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30 Million Years in Melbourne (Online)

About The Program

In this program, students will travel back through time to explore how Australia and the greater Melbourne region has changed over the last 30 million years. Students will understand the fundamental basics of evolution by looking at the fossil record and understanding pivotal extinction events that have shaped modern Australia. This program can be done both online or in person, with a real and immersive fossil display from Port Phillip Bay that can be brought to each school.

• What is Evolution?
• What are extinction events and what role are humans playing in the modern era?
• What is anatomy and how can we use this discipline to reconstruct ancient animals?
• The theory of Plate tectonics

Excursion Duration:
45 minutes
Year Level:
Year 4 to 10
Group Size:
Up to 50 students per session
$150 +GST for up to 50 students
In this program, students will learn about how Melbourne has changed in the last 30 million years. By understanding the fundamental basics of plate tectonics and what once lived in the greater Melbourne region, students will be able to make sense of deep-time and how evolution works. The fossil record around Melbourne is extremely diverse. Starting at the beginning of the warm-tropical Oligocene epoch (roughly 30 million years ago), students will be diving back into the water and coming face to face with terrifying, bus-sized sharks and bizarre baleen whales that have prompted scientists to rethink their entire evolutionary story. From here, we’ll head to the mid Miocene of 17 million years, where Melbourne is represented by a series of interconnected lagoons. Shark-toothed whales and bizarre penguins swim in these coastal waters, unlike anything seen in the modern era. On the land, giant “Demon Ducks of Doom” and marsupials the size of cows frequent the latest Miocene of roughly 6 million years ago. These incredible animals share ancient Melbourne with the biggest toothed predators of all time, munching whales in their wake. In the latest Pleistocene (roughly 50,000 years ago), the largest marsupial predator evolves on the parched Australian landscape, hunting short-faced kangaroos taller than LeBron James. By looking at the available evidence, students will see what it takes to recreate these remarkable animals, and further understand what impact humans are having on the continent. A Q-and-A session, following the program, will allow students to investigate any further topics and/or questions in detail with the presenter. This program can be done both online or in person, with a real and immersive fossil display from Port Phillip Bay that can be brought to each school.

• 3-4 Represent and communicate observations, ideas and findings to show patterns and relationships using formal and informal scientific language (VCSIS072)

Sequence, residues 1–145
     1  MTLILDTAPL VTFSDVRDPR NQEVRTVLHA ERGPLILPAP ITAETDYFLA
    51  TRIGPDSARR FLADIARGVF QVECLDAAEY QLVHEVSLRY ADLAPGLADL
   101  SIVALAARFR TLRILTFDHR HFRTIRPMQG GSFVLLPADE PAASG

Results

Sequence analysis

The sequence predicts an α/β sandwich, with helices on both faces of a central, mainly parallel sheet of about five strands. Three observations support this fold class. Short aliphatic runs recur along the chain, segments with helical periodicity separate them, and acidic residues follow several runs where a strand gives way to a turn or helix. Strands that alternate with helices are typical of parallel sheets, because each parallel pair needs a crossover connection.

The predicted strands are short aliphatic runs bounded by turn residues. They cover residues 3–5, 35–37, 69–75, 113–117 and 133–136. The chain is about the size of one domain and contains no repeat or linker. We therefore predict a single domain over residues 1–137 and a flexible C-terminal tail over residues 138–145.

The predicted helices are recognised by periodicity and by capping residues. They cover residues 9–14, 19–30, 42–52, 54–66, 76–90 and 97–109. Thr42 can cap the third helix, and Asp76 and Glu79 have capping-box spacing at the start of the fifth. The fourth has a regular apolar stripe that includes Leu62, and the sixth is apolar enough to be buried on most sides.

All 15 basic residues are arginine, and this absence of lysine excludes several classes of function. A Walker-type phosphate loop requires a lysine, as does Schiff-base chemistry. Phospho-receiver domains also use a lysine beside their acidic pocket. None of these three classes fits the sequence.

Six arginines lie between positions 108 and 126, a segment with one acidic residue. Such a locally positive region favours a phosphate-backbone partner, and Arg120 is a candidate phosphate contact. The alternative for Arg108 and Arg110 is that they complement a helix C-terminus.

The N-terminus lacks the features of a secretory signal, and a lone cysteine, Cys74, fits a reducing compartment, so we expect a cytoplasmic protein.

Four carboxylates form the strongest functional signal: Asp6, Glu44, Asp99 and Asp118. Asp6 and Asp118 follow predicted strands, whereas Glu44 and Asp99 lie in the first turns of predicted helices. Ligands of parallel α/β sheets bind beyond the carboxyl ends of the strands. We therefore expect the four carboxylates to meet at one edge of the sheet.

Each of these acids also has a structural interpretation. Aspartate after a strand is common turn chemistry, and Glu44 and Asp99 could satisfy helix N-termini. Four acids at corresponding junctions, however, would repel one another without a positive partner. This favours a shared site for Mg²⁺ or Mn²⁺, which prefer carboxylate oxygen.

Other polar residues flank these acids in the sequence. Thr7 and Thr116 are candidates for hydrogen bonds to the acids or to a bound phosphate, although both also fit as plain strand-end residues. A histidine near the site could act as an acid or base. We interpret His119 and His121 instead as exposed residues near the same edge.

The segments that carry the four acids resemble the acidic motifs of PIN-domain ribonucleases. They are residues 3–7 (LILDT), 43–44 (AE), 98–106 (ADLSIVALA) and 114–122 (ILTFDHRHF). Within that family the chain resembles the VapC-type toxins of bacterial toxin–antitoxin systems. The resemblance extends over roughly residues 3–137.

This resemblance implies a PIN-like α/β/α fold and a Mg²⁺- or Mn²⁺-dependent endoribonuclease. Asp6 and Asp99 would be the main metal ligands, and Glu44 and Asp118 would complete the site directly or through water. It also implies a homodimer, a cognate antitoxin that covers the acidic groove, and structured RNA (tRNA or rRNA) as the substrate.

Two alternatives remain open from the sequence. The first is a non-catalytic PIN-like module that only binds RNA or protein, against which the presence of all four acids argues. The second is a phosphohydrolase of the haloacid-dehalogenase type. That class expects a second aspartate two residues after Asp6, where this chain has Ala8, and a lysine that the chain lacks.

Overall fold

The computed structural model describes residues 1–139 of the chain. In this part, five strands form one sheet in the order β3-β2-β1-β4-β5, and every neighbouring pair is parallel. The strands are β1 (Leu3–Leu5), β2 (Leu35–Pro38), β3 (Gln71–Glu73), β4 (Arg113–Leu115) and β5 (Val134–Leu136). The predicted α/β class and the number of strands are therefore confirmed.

• 3-4 Science knowledge helps people to understand the effects of their actions (VCSSU056)
• 5-6 Living things have structural features and adaptations that help them to survive in their environment (VCSSU074)
• 5-6 The growth and survival of living things are affected by the physical conditions of their environment (VCSSU075)
• 5-6 Scientific understandings, discoveries and inventions are used to inform personal and community decisions and to solve problems that directly affect people’s lives (VCSSU073)
• 7-8 Ways that flows of water connect places as they move through the environment and the ways this affects places (VCGGK106)
• 7-8 There are differences within and between groups of organisms; classification helps organise this diversity (VCSSU091)
• 9-10 Ecosystems consist of communities of interdependent organisms and abiotic components of the environment; matter and energy flow through these systems (VCSSU121)

This incursion is delivered online using Zoom. A teacher and class can join the session from the classroom or remotely from home. A meeting link and instructions will be sent out with the booking confirmation. Minimum group size is 20, maximum group size is 50.

An invoice will be forwarded after the incursion is completed. The fee covers our programs administration costs. Please book your incursion at least 7 days in advance – we are unable to accept last-minute bookings.

“I just wanted to say a big thank you to Sharron for the incursion at Galilee today. She was so lovely to the children and she was very passionate about the topic and the students thoroughly enjoyed it.”

- Amanda Reardon, Teacher, Galilee Catholic Primary School

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Please note, outdoor excursions only run on Tues, Wed, Thursdays.

School Information

Organising Teacher Details

The EcoCentre acknowledges the Kulin Nations, including the Yalukit Willam clan of the Boon Wurrung language group, traditional custodians of the land on which we are located.

We pay respects to their Elders past and present, and extend that respect to other First Nations and Elder members of our multicultural community.